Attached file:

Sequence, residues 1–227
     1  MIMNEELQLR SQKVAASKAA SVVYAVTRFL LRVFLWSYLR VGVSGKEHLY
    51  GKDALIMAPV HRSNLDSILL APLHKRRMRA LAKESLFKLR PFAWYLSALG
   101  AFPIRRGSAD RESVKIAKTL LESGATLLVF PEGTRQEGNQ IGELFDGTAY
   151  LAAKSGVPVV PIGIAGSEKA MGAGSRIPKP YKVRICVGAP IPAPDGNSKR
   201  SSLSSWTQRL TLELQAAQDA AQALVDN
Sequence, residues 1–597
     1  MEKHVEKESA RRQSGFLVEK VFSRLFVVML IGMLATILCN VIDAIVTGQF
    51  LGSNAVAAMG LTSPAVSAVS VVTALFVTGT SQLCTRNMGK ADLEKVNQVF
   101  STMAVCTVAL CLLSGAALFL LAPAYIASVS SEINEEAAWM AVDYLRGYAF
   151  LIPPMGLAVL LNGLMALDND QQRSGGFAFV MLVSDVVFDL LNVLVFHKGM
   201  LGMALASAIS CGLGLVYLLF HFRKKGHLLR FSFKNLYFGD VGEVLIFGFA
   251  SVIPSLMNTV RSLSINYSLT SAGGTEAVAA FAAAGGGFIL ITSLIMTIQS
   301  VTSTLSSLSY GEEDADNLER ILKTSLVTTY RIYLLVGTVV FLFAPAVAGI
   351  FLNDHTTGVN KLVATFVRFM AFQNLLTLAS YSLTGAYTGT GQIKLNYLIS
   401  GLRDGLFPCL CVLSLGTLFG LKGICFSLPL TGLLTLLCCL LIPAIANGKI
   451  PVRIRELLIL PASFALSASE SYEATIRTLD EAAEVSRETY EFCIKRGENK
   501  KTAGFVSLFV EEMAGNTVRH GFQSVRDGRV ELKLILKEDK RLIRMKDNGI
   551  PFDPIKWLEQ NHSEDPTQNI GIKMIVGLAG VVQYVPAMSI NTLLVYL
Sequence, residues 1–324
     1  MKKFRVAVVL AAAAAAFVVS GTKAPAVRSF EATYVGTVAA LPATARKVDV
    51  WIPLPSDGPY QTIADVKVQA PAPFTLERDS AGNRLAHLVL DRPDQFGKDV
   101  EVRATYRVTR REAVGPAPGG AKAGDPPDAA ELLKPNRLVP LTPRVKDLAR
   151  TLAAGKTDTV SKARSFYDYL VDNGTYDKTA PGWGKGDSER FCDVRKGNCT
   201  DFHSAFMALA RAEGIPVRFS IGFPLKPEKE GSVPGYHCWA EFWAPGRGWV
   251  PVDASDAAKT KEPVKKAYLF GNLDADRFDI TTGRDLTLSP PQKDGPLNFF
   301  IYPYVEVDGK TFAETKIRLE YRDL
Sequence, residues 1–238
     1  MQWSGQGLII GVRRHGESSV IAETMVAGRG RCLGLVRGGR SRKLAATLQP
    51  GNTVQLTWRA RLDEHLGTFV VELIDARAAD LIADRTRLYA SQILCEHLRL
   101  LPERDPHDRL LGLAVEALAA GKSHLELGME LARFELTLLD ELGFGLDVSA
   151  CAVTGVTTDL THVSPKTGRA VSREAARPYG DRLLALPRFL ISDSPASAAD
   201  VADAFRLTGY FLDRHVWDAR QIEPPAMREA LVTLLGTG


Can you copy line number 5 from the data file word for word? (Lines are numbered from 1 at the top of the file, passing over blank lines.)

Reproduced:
   151  LAAKSGVPVV PIGIAGSEKA MGAGSRIPKP YKVRICVGAP IPAPDGNSKR